Nordea Bank AB is trailing its biggest Swedish competitors in building capital reserves as the largest Scandinavian bank says it’s ready to return profits to shareholders.
Nordea reported a core Tier 1 capital ratio of 13.2 percent of its risk-weighted assets at the end of March, versus a target of “more than 13 percent.” That’s well below ratios at its three biggest rivals in Sweden. Svenska Handelsbanken AB, the European Union’s best capitalized bank, said today its buffer by the same measure was 18 percent.
“We don’t seek to increase it in any major way,” Nordea Chief Executive Officer Christian Clausen said in an interview with Bloomberg Television today. “We have a very strong capital base, we have built it and from now it is about generating the return on that capital -- that is our main objective.”
Clausen, who is also the president of the European Banking Federation, has argued stricter capital rules will hurt economic growth as lending slows. Clausen said today he would rather use excess cash to raise dividends or buy back shares should the Swedish government divest more of its Nordea stake. He repeated a return-on-equity goal of 15 percent by 2015. That target depends on “normal” interest rate conditions, he said.
While Nordea is the worst capitalized of Sweden’s four biggest banks, its reported reserve ratio exceeds Sweden’s requirements, among Europe’s strictest. Banks in the largest Nordic economy need to hold at least 10 percent core Tier 1 capital this year, with the minimum rising to 12 percent in 2015.
Financial Markets Minister Peter Norman, who oversees state asset sales, has cautioned Sweden’s banks against hoarding too much capital. And as banks elsewhere in Europe look for ways to preserve cash, Swedish lenders have used their excess capital to increase dividends.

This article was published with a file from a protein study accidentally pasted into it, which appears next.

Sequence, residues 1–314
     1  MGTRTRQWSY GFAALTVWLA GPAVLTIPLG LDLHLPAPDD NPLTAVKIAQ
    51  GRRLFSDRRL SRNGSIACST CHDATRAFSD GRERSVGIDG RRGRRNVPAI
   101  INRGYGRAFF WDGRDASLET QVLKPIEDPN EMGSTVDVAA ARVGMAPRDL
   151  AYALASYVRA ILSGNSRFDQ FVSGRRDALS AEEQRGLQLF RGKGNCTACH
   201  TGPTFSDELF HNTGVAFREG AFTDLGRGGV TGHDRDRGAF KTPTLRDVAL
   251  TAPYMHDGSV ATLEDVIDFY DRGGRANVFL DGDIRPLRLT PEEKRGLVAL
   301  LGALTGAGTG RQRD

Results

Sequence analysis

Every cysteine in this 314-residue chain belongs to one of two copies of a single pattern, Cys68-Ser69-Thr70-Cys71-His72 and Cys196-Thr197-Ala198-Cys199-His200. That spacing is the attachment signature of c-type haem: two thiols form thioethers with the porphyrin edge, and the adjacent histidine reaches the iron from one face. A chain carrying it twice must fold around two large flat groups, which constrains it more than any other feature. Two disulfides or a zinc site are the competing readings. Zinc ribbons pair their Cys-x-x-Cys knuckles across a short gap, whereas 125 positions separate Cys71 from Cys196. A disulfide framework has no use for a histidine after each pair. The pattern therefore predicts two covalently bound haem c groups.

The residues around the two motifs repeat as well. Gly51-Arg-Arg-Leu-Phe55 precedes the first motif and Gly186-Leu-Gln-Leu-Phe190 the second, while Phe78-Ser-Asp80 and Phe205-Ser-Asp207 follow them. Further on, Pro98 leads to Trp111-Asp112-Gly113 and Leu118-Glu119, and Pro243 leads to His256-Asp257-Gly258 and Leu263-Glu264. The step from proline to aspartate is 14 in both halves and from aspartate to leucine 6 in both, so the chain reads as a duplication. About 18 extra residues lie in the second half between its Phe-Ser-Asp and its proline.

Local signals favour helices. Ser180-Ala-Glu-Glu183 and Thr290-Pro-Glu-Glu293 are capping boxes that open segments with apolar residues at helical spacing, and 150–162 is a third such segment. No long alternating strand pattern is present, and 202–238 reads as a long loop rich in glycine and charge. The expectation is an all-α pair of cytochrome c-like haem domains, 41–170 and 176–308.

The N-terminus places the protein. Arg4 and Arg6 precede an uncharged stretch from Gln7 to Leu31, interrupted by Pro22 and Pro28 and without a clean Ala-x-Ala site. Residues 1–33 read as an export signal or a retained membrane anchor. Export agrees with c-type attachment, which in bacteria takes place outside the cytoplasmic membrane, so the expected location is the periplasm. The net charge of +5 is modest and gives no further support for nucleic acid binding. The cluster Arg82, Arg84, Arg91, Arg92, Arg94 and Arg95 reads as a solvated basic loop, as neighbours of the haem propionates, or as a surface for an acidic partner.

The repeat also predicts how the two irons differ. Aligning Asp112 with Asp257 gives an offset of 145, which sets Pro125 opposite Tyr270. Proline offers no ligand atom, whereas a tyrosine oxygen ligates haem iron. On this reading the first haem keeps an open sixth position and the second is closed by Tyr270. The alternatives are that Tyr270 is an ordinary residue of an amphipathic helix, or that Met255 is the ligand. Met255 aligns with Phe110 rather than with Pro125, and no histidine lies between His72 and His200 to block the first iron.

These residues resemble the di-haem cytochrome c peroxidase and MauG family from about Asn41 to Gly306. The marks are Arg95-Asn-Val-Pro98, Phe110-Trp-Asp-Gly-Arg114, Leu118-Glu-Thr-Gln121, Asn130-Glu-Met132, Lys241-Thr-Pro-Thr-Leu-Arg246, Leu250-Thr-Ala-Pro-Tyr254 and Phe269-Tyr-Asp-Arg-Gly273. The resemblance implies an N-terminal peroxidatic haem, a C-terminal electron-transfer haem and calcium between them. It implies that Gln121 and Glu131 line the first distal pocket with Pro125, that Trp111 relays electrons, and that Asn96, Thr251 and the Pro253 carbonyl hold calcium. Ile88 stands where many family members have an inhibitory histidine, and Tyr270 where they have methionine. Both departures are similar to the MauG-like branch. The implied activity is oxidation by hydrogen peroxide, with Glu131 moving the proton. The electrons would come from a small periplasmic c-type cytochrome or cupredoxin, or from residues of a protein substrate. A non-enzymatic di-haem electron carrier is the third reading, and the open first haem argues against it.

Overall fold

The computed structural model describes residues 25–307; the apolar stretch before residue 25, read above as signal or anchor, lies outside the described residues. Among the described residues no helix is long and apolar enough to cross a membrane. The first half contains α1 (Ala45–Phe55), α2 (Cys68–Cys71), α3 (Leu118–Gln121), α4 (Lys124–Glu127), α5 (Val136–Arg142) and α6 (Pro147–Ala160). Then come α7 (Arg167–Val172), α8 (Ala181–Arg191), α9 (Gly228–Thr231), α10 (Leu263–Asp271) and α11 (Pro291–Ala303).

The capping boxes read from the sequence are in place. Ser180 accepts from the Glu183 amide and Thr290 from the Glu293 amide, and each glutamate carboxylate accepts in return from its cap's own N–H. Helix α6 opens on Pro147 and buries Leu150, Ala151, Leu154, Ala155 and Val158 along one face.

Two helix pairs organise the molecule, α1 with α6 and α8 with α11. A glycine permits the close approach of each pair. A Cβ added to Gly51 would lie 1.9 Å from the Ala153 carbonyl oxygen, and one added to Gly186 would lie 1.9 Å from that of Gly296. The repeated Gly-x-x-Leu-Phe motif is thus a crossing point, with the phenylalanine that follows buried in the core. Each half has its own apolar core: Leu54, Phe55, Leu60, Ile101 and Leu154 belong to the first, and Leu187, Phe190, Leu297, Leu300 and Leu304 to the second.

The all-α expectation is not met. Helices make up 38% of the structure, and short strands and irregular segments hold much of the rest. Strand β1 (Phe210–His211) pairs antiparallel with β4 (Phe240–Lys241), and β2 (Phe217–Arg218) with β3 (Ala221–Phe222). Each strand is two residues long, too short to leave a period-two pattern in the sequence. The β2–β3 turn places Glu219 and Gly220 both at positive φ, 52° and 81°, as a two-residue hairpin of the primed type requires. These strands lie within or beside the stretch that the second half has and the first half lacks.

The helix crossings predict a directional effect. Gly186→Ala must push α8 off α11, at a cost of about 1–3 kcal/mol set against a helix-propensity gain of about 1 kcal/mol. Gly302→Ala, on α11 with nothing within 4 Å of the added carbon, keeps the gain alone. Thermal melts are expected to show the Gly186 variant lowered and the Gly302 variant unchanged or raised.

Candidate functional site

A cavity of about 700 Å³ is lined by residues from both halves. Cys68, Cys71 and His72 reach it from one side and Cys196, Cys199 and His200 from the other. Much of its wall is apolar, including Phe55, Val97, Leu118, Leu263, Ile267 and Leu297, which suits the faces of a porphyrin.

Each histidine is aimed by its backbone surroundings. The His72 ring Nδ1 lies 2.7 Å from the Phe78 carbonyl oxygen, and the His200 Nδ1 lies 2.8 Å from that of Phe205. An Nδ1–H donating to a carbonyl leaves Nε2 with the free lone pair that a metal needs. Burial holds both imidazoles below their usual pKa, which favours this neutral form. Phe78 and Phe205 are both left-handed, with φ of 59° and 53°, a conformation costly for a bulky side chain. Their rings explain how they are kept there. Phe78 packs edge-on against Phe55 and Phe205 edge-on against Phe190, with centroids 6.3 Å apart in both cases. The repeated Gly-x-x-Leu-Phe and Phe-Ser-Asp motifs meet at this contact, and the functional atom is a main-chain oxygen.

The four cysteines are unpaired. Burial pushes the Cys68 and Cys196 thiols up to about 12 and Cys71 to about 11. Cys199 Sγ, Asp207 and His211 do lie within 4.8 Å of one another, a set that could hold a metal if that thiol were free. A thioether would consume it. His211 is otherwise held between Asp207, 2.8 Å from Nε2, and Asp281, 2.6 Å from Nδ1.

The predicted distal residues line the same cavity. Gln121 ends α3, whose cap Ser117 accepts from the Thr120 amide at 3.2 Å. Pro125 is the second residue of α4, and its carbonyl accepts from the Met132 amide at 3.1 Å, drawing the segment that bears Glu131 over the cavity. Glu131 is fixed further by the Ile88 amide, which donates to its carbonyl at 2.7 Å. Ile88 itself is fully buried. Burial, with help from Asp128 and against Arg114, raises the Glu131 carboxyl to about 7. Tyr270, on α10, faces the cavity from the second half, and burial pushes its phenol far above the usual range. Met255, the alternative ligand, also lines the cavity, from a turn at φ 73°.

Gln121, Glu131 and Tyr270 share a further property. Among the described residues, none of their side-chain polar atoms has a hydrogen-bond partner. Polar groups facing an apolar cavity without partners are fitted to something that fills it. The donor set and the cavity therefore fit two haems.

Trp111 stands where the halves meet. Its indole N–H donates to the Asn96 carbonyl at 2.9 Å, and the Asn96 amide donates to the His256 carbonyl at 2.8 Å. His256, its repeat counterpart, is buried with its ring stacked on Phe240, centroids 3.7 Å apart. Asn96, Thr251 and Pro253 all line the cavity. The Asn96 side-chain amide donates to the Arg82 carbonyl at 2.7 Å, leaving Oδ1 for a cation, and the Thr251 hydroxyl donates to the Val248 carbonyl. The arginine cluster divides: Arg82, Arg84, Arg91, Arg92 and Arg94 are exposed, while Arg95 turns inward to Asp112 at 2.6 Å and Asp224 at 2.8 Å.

Nordea today reported a 2.7 percent increase in net income to 794 million euros ($1.03 billion), beating the average 745.2 million-euro estimate of 10 analysts surveyed by Bloomberg. Net loan losses fell 8.7 percent to 199 million euros.
Sweden’s banks have cut costs and shed risky assets to boost capital in recent years. At the end of 2012, Handelsbanken, Swedbank and SEB AB had the three highest capital ratios of the EU’s major banks. Denmark’s Danske Bank A/S was No. 4 while Nordea was ranked fifth.
Nordea’s 13.2 percent core Tier 1 ratio is calculated under Basel II rules. Swedbank’s is 17.3 percent and SEB’s 15.3 percent, by that measure. Under Basel III regulation, Handelsbanken’s ratio is 17.5 percent while Swedbank and SEB have 16.4 percent and 13.4 percent, respectively.
Handelsbanken’s first-quarter net income rose 6.1 percent to 3.47 billion kronor ($522 million) while profit at Swedbank advanced 3.4 percent to 3.53 billion kronor, the two reported this week. SEB said net income in the first quarter jumped 15 percent to 3 billion kronor.
Clausen has argued his bank has a lower capital ratio because its operations are spread across more countries than those of his Swedish competitors.
“We are of course domiciled in Sweden, but we only have a small part of our business in Sweden -- we are in nine countries,” Clausen said. “To compare us with Swedish banks is not really a true picture.”